Sea You in Tampico
Shrimpers’ Leslie Castro serves up the fried catfish sandwich and Texas ranch cheeseburger. (photo by Scott Latham)
Vera Cruz cilantro lime sopa $2.95 (cup), $5.95 (bowl)
Fried combo plate $12.95
Ancho chile glazed
fresh salmon $12.95
Grilled Idaho rainbow
Bahamian crab cakes $12.95
A D V E R T I S E M E N T
A D V E R T I S E M E N T
New ownership adds some traditional touches to Shrimpers fish dishes.
By DAN MCGRAW
Shrimpers Seafood Grille
215 University Dr, FW. 817-877-3255. Mon-Thu 11:30am-9pm, Fri-Sat 11:30am-10pm. All major credit cards accepted.
Some years ago, I found myself driving through Mexico for a few weeks, mostly in the Gulf Coast region. Cities like Tampico, Vera Cruz, and Xalapa were fascinating, very different from Cancun and the border cities I had visited before. This was a blue-collar area, with refineries and lime groves and fishermen who left the docks early each morning.
And because of these fishermen, the seafood in the region was wonderful. Whether at a fancy restaurant or shack on the beach, you could get fish dishes with fantastic sauces. Huachinango Veracruzano was a red snapper covered with tomatoes, capers, and a lime-based sauce. There was a fish stew that was like cioppino and was known locally as a hangover cure. Seafood was cooked whole or in banana leaves, and the seasoning was never too spicy, always with the juice of the limes that grew on the hillsides nearby.
After that trip, I had always wondered why Texas had never really embraced Mexican seafood cuisine. Part of the reason is that Mexican food here has usually been of the Tex-Mex variety, and our fellow citizens have never been the kind that would prefer red snapper over tacos and fajitas. Plus we don’t live by the ocean.
Shrimpers Seafood Grille has for a long time been a local favorite. About six months ago, new owners took over the restaurant on University Drive and changed the menu to add Mexican influences to the seafood dishes. Shrimpers still delivers the traditional American seafood plates, but the menu now also includes some of the food that would be served in places like Vera Cruz and Tampico.
The new owners also cleaned up the inside a bit, opening up the kitchen and adding a little kitsch on the walls. The back patio is still one of the best outdoor dining areas in Fort Worth, with a vine-covered canopy, tiki torches, and manmade pools whose tumbling water provides a soothing background sound.
The lunch menu — which is available all day — is pretty basic: fried seafood baskets and burgers. The difference, with special regard to the baskets at least, is that Shrimpers allows diners to create their own. We tried one with shrimp, oysters, and catfish fillet — wise choices, as it turned out. The oysters tasted fresh and were perfectly cooked — crispy on the outside, soft and moist on the inside. And while the shrimp were slightly overcooked and a bit chewy, the catfish was flaky and almost complete bereft of that musky flavor that catfish is known for. Our baskets came with hush puppies, cole slaw, and plump, smoky red beans.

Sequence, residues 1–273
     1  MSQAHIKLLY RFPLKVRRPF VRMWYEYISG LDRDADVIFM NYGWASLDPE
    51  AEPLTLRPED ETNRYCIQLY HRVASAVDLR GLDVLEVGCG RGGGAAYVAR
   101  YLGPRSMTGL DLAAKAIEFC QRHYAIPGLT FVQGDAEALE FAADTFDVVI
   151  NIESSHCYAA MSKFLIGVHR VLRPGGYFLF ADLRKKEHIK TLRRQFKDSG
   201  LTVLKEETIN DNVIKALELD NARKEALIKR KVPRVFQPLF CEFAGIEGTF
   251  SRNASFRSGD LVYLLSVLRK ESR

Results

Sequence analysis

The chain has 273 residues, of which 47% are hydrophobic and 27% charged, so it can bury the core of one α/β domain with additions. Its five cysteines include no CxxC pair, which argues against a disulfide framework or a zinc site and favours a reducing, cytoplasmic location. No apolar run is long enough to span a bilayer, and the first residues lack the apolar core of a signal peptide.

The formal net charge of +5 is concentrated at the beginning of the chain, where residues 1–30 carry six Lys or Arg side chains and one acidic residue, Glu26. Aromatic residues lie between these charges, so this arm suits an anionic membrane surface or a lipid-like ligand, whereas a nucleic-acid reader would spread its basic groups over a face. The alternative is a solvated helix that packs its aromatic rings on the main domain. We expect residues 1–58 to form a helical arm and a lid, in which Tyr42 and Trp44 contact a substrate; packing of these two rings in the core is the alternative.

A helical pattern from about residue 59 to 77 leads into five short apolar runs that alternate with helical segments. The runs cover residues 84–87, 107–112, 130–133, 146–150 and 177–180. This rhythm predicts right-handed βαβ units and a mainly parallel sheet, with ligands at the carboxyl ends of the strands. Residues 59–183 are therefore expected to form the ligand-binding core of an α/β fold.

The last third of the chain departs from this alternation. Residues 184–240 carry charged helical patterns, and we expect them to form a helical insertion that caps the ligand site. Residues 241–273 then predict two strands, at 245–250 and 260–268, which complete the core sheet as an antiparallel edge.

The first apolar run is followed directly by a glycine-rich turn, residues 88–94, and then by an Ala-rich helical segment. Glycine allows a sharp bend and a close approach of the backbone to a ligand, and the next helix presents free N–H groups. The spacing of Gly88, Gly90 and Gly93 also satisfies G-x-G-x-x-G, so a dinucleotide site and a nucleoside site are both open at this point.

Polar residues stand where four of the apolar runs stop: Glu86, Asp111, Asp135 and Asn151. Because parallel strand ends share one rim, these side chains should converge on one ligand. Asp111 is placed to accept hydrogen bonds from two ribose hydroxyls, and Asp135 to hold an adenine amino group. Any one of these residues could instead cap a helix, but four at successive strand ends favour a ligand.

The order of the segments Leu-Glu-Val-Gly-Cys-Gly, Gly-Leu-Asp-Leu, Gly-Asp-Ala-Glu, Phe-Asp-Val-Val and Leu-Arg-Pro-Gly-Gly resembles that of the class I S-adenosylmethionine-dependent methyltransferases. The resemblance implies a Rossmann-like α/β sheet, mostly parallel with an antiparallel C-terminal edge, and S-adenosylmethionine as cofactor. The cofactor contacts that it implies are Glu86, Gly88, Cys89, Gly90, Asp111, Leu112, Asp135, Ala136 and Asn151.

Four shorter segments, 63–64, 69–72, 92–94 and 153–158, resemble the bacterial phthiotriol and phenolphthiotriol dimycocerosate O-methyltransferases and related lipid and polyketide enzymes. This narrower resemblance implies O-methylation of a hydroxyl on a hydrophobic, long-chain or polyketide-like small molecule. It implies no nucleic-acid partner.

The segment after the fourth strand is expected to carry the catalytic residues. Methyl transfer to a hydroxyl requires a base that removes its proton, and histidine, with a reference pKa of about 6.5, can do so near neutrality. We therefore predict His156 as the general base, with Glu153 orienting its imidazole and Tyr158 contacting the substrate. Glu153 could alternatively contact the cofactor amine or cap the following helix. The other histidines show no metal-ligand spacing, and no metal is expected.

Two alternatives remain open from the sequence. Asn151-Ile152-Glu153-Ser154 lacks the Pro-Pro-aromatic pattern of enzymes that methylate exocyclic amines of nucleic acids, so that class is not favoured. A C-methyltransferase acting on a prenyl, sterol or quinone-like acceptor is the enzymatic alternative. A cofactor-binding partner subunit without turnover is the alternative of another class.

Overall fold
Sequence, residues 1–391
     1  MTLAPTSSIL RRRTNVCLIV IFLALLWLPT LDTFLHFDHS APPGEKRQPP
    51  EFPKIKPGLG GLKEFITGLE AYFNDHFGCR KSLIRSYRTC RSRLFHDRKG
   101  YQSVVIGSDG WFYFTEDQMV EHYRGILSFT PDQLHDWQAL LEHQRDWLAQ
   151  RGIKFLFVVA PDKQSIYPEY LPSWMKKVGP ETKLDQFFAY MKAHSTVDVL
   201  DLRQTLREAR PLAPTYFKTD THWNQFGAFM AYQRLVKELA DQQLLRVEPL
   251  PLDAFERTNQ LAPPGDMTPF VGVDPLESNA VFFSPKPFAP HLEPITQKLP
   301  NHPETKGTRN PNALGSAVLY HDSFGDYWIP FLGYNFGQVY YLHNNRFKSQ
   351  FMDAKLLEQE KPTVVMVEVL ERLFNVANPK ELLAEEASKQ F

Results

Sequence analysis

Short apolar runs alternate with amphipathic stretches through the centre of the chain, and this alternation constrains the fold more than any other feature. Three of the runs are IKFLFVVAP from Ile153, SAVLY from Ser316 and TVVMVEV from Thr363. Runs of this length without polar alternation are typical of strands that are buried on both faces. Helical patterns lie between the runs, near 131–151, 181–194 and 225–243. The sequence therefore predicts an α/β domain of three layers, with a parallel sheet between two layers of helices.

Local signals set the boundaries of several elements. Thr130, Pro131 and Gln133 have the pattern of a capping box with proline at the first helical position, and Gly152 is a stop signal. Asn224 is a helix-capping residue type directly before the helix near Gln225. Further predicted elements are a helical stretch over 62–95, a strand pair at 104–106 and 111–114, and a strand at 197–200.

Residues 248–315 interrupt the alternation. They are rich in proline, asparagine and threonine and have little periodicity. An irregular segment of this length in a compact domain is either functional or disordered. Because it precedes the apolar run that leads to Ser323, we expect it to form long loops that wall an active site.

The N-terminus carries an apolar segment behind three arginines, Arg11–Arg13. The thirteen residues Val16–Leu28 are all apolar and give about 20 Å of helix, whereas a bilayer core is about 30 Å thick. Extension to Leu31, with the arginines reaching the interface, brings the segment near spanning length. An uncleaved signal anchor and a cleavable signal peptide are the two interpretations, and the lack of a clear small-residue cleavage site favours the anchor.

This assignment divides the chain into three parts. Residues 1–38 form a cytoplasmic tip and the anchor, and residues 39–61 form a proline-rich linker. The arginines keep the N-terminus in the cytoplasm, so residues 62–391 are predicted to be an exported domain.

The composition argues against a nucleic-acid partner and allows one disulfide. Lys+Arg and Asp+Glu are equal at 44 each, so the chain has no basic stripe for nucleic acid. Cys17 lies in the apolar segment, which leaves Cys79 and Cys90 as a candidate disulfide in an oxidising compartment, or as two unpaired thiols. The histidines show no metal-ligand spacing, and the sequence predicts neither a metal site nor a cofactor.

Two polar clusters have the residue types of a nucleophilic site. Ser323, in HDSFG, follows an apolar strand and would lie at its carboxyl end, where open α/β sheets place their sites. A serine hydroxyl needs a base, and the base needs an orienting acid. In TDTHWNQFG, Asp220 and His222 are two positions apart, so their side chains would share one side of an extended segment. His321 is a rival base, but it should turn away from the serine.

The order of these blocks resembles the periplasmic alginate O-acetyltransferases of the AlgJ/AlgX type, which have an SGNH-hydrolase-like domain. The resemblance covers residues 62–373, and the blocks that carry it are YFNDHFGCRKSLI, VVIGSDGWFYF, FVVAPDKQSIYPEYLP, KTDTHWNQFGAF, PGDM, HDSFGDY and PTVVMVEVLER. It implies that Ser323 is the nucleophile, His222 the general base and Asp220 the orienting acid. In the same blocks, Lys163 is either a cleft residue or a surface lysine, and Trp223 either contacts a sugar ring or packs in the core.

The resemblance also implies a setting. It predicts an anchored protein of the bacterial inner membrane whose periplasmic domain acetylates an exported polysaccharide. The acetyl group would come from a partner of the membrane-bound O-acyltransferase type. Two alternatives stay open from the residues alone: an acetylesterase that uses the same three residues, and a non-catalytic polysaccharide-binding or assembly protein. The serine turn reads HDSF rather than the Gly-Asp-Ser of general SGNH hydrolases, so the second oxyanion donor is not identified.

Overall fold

The dinner offerings, unlike the lunch items, draw almost completely from Mexican tradition. Of the appetizers, the Cozumelian ceviche was the right mix of lime-marinated seafood and shrimp, served over lettuce and avocados. The fish (which isn’t actually raw but “cooked” by the acidity of the lime rather than by heat) had a good saltiness, and it was nice to get ceviche in a portion bigger than the usual measly shrimp-cocktail size. And the Vera Cruz sopa was a rich, hearty soup with chicken and corn that exploded with the flavors of lime and cilantro.
In the middle, between traditional and American styles, are Shrimpers house specialties. The ancho chile-glazed fresh salmon — served with a salsa made from orange juice, cilantro, and red onions — had just enough bite and sweetness to make for a highly unusual yet tasty dish. And the grilled rainbow Idaho trout — which arrived lathered in a relatively flat cream sauce of cilantro, lime, capers, and garlic — was fresh and lighter than air.
Each dinner came with the choice of either steamed red potatoes or french fries, along with a large house salad made succulent by a zesty mix of green olives, red onion, and tomatoes, plus a citrusy, honey-tasting lime dressing.
The service was well-intentioned, if a bit uneven. On one visit, the appetizers, salad, and seafood all arrived at about the same time. It was obvious that the server was trying to be as quick as possible, but speed doesn’t always equal good service. Some customers like to take their time.
Shrimpers also has a full bar, new wine list, and some discounts — all-you-can-eat catfish ($9.95) on Monday and Tuesday nights, and kids 10 and under eat free on Wednesday nights. And for those who don’t want to experiment with Mexican seafood, Shrimpers also features many basic items that are more American, such as fajitas, crab cakes, and surf and turf with shrimp and ribeye steak. Tex-Mex fans will be glad to know that Shrimpers also offers chicken quesadillas.
The changes at Shrimpers are a great improvement — it’s nice to see a local restaurant bringing something a little different to town. The Mexican influences allow the seafood dishes to shine, and the emphasis on lime and cilantro doesn’t overwhelm the fish flavors. The new ownership has kept many of the old Shrimpers favorites, but don’t visit this restaurant for the old standbys. Try something new.
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